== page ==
- Best performance – of course on device apps do have direct access to the processor and can push the limits of the hardware, but assuming you aren’t building a 3D game, chances are your app doesn’t need this anyway. Pretty soon even 3D games will be in browsers
As you recall, mobile web apps were all the rage until Apple stopped hyping them and instead focused on the downloadable apps. You can’t really blame them considering they do get additional revenue from the downloads (vs. nothing for web apps). Had they given equal billing to each, I assure you things would look considerably different. All it will take is one of the big guys to stop supporting apps, and start pumping some marketing into mobile web and this will begin to gain traction with consumers. Considering that even Google is now saying they don’t have enough money to do apps on all devices, maybe the time is now for you to evaluate your long term mobile strategy and weigh the options.
News, weather and sports continue to be the top categories of mobile web content and Crisp Wireless continues to be the company powering the efforts for some of the biggest sports brands on the mobile web. Today, Pro Football Weekly joins the ranks of SI Mobile, NBC Sports, and AT&T’s March Madness coverage, launching its mobile site to kick off the NFL Playoffs. The Pro Football Weekly site, found at http://m.profootballweekly.com, or redirected from http://www.profootballweekly.com on your mobile phone, helps fans keep track of the most up-to-date football information for fans leading up to Super Bowl XLIII and kicking off the 2009 season with the NFL Draft. The Pro Football Weekly mobile site is an extension of their industry-leading online content, including the most recent NFL headlines, behind-the-scenes reports on trends and rumors around the league, in-depth game previews and predictions, and expert analysis for fantasy football players. The mobile site also will feature top blogs including Around the NFL, Road to the Draft, Super Bowl XLIII, Finding Paydirt (fantasy football) and Covering the Spread (handicapping). On top of the great content offered by PFW, the mobile site offers another avenue for mobile advertisers to reach the attractive sports channel. Crisp Wireless, with the largest premium mobile publisher network in the U.S., will help Pro Football Weekly sell and manage their mobile inventory to monetize their mobile content.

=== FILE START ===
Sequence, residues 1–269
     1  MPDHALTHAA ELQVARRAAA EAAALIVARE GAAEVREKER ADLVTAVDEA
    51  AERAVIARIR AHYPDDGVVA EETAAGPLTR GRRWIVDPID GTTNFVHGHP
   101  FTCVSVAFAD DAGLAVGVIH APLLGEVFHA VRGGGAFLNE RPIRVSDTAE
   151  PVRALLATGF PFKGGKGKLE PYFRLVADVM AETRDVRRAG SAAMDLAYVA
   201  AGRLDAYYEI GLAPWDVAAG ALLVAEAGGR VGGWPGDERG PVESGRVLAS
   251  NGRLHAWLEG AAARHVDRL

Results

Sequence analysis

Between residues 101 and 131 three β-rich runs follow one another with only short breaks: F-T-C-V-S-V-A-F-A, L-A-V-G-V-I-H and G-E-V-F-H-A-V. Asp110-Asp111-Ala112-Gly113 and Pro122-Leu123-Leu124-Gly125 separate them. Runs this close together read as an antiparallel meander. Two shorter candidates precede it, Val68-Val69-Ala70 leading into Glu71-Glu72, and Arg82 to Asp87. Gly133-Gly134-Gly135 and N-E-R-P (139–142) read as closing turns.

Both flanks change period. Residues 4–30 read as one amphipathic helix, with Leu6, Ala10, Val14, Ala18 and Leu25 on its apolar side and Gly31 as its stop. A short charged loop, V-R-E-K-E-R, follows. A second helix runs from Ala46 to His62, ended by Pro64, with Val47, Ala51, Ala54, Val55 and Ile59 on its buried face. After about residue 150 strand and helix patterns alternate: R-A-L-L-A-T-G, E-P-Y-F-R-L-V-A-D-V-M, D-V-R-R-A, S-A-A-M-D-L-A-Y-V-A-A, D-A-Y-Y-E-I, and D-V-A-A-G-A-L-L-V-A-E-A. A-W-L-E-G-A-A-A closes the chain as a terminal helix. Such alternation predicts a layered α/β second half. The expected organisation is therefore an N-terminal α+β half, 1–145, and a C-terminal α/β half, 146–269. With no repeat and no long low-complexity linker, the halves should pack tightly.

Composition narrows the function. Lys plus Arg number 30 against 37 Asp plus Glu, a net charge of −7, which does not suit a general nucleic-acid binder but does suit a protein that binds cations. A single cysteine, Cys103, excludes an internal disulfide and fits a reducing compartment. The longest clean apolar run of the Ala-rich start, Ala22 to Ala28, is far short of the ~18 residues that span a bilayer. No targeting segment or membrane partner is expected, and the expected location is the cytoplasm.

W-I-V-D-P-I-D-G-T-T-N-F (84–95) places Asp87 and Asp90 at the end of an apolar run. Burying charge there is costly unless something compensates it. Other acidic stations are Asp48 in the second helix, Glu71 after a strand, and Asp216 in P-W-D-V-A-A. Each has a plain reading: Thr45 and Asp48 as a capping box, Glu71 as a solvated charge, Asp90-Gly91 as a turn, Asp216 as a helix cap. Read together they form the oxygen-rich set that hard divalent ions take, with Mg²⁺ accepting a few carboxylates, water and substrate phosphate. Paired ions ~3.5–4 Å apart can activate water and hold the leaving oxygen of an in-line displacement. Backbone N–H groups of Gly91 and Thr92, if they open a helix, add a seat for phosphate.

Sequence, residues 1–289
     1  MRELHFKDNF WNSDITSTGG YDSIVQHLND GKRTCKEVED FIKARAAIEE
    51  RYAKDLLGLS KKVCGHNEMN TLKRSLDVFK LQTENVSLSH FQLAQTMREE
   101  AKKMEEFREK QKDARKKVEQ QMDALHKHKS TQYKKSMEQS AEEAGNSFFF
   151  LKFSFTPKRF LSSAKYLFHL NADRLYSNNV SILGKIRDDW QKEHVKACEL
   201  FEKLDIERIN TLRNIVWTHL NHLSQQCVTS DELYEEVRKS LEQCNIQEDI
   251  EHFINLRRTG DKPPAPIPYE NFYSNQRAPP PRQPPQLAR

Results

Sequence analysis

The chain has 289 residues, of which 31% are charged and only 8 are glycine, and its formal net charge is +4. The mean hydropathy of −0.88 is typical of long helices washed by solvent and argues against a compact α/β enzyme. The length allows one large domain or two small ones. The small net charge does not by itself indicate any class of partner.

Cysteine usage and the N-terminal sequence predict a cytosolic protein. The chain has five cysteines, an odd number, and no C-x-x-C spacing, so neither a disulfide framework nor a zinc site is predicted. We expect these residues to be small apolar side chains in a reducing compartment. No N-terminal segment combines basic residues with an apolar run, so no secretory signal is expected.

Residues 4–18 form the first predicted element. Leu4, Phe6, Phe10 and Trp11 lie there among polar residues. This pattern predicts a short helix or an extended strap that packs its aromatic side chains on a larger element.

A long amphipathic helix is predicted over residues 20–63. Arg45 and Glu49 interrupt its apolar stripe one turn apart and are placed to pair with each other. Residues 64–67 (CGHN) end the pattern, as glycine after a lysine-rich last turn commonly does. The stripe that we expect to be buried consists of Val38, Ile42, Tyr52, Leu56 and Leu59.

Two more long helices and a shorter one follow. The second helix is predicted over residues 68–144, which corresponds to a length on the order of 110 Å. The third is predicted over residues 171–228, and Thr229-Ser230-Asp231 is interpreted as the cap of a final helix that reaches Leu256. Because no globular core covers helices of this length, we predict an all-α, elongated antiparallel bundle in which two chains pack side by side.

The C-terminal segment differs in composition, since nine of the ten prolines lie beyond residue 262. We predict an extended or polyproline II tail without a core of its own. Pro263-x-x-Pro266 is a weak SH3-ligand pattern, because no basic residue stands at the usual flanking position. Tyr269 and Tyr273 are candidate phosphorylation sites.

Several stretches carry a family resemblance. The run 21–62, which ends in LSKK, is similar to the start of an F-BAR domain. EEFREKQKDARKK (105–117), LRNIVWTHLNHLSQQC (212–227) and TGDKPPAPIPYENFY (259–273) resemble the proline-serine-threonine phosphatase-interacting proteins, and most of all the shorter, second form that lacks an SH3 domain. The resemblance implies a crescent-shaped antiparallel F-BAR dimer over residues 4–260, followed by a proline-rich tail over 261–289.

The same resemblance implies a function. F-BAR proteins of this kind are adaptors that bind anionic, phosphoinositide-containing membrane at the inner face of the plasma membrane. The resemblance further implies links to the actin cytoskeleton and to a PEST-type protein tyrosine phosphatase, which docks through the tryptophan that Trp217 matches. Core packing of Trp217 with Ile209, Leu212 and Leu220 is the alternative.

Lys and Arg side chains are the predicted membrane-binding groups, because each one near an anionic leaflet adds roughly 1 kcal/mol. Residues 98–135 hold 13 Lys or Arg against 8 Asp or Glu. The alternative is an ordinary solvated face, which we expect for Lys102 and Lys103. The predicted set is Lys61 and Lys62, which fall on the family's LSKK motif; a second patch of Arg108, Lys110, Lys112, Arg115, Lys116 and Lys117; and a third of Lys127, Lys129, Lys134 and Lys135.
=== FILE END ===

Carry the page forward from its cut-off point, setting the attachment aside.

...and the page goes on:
In case you haven't heard around the blogosphere (like here and here and here), today is Mobile Tuesday. Kudos to Mobigosee, the company behind this event for their great PR. I hope the results of the campaign are as successful. Given the current economy, they are launching with fewer advertisers than hoped, including McDonalds, Finish Line and Red Tag.Over 18,000 people have signed up, mostly through sites that promote Black Friday deals. That is good because I visited all three of these companies' online sites and didn't see a thing about it. Some went so far as to promote their social media initiatives like McDonald's podcasts, Red Tag's blog, or finding Finish Line on Facebook or MySpace. I became a fan but still don't see any mention of how to opt-in for coupons or mobile alerts. Other retailers such as Gap and Sears have also created mobile campaigns. Gap put together an iPhone app that allows you to put together outfits, generate a wish list, and find nearby stores. Ok, that is cool. But I'm a frequent Gap shopper, Gap card holder, Gap online shopper, and iPhone user who frequently visits the App Store, but this is the first I've heard of it. Why? Why are these companies investing in mobile if they don't integrate it into their marketing mix. As a marketer, it drives me crazy when I see companies doing really cool things in mobile, but not promoting it. Even if it is a test, how can you effectively test a medium if you put it out there but don't tell anyone? We have a really great case study about a recent mobile site launch that has done an excellent job promoting its mobile presence and it has resulted in one of the most, if not the most, successful mobile launches ever. Stay tuned for details.